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Canine Behavior/separation anxiety

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I adopted a dog, Lucy, from a shelter in February 2014. I guessed her to be almost a year old at the time and she is a Beagle/Jack Russell mix. She was spayed shortly after I adopted her. From the start, she was a very gentle, loving dog and enjoyed being very active as well as lazy days spent inside. But I could tell she had been abused: loud, stern voices scared her, she cowered when I picked up the leash, etc. She loved all kids and all other animals but was scared of most women and all men. I worked with her and now she is no longer scared of most adults and does not cower. She walks well on leash, walks beside me and doesn't pull, and she learned to obey commands given both verbally and by hand gesture. Lucy is not toy motivated, but will occasionally enjoy disemboweling a stuffed animal. She will chew on bones I buy at the pet store until they aren’t “new” anymore, and then loses interest. Lucy has never slept in my bed, is not allowed on the furniture and is control-fed.

The trouble is that she is very destructive when left home alone. She is perfectly behaved as long as I am home, but destroys everything from furniture to window treatments when I leave. And my neighbors report that she cries loudly while I am gone. I have tried every kind of conditioning to help her with being home alone, to no avail. She knows when I am getting ready to leave and started watching me intently and/or following me closely. I noticed that she wouldn’t eat breakfast if she realized I was leaving and feeding her became the first thing I do after getting up in the morning. Once, right after I got her, she had not eaten by the time I was ready to leave and I felt bad leaving her hungry all day so I left the bowl of food down for her. As soon as I got home that evening, she greeted me then ran over and devoured the still full bowl of food. My neighbor had a large, fenced yard that she offered for our use while I was at work. This was great, Lucy loved being outside all day and my apartment was not destroyed. Until winter came and I could not, in good conscious, leave her outside in the bitter cold and/or snow all day. I purchased a crate (after researching the appropriate size for her) and dealt with the destruction while crate training her, starting during a long (4 day) weekend from work. I covered it with a blanket and left the door open during the day. She seemed to enjoy having her own “room” to hang out in. She would nap, chew on a bone or stuffed animal, etc. She learned that when I said “crate”, she should go inside. At night, I closed and latched the door and she was content with this. For another week, I only latched her in at night and endured the destruction (mostly to my furniture, rugs and potted plants) from leaving her out during the day. I left the crate open during the day and could tell that she had hung out in while I was gone. In the evenings, I would latch her inside the crate and leave the house for a few minutes at a time, until I could leave her inside for a couple of hours with no problems. Once I started latching her in during the workday, she began destroying the crate. Eventually, she chewed through a couple of the wire “bars” and managed to squeeze herself out of a tiny gap she created near the floor of the crate, injuring her nose in the process. She moved the crate through the room, gathering rugs into the crate and destroying them. Thinking that lack of exercise was to blame, I tried to endure the extreme cold for longer periods of time but with temperatures well below zero first thing in the morning, this was often not an option. Eventually, she made the door of the crate unusable so I got rid of it.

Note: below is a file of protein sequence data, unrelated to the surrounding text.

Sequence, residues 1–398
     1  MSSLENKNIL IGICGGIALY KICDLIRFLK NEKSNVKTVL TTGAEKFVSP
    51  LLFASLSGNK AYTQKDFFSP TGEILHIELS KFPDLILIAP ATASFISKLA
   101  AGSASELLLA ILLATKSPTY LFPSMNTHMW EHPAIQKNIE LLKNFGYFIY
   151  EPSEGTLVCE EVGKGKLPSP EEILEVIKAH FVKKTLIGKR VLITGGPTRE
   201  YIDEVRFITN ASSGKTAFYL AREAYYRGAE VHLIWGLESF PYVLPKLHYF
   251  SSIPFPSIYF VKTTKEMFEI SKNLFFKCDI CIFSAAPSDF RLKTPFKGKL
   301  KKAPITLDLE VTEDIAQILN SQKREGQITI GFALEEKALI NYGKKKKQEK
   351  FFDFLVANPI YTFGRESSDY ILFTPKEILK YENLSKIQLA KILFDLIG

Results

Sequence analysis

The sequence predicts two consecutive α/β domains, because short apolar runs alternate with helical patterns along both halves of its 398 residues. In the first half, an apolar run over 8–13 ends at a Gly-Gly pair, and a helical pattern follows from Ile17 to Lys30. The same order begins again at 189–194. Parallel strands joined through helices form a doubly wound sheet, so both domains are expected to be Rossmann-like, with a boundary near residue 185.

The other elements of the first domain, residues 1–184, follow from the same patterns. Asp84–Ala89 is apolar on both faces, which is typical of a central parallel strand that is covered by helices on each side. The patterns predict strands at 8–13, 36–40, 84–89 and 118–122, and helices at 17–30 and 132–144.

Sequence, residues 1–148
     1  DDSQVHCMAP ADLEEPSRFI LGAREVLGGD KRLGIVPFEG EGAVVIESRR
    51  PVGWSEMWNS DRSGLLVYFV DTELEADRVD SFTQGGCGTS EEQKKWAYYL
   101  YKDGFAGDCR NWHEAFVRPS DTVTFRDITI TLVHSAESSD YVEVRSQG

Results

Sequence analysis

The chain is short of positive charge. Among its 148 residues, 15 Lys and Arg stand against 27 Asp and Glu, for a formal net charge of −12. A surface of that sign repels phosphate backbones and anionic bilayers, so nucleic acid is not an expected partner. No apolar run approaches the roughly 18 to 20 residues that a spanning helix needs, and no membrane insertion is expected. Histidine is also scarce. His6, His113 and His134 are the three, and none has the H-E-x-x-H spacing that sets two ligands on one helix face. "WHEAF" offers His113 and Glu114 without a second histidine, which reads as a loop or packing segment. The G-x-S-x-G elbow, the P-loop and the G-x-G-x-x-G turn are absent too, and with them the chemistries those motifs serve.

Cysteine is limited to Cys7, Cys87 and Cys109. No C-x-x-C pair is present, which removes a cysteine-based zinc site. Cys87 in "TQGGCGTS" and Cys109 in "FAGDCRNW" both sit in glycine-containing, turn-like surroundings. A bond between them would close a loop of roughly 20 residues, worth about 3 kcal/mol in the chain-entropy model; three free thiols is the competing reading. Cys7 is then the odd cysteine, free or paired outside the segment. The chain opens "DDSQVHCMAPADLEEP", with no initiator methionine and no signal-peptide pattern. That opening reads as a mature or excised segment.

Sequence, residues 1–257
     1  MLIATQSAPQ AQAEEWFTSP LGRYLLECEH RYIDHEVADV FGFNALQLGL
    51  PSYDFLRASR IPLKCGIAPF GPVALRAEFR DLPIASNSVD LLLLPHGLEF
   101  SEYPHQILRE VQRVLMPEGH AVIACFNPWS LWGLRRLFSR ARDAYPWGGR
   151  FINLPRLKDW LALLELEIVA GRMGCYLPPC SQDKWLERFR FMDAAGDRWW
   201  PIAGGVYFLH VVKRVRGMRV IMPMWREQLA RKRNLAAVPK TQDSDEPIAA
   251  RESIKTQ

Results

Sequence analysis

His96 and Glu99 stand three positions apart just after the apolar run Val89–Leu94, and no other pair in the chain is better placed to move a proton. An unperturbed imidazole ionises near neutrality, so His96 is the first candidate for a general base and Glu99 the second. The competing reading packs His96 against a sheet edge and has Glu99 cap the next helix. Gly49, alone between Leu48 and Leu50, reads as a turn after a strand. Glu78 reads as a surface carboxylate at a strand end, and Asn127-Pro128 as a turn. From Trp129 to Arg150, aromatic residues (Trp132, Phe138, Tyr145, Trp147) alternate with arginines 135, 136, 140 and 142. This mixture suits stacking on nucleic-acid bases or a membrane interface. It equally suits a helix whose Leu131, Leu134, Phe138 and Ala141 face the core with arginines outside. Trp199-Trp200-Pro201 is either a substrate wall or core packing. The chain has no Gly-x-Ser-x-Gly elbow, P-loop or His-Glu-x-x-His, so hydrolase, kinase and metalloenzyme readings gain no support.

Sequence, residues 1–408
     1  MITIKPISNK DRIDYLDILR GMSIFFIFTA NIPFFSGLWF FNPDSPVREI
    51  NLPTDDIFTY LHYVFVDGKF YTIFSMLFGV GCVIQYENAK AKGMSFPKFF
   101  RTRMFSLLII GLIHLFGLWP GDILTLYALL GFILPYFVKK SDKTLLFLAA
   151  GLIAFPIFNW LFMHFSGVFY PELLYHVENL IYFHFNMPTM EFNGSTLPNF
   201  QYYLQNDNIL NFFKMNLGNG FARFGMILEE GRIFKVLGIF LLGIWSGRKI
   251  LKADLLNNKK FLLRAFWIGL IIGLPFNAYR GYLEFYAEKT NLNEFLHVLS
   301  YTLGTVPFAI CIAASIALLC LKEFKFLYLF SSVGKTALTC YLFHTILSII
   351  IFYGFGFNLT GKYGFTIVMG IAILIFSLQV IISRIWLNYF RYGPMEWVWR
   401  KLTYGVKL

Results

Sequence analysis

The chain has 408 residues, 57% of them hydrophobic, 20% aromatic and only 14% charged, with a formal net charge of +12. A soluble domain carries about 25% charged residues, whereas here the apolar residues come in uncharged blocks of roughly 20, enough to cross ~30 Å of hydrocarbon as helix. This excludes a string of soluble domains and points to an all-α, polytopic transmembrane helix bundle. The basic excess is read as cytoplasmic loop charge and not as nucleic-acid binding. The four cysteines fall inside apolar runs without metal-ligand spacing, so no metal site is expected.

Once the weather improved, we resumed our normal active lifestyle, which includes LONG walks and miles of mountain hiking. She rarely tires no matter how long or far we go! But even walk over 4 miles in just over an hour were not enough to curb her destruction once I left for work.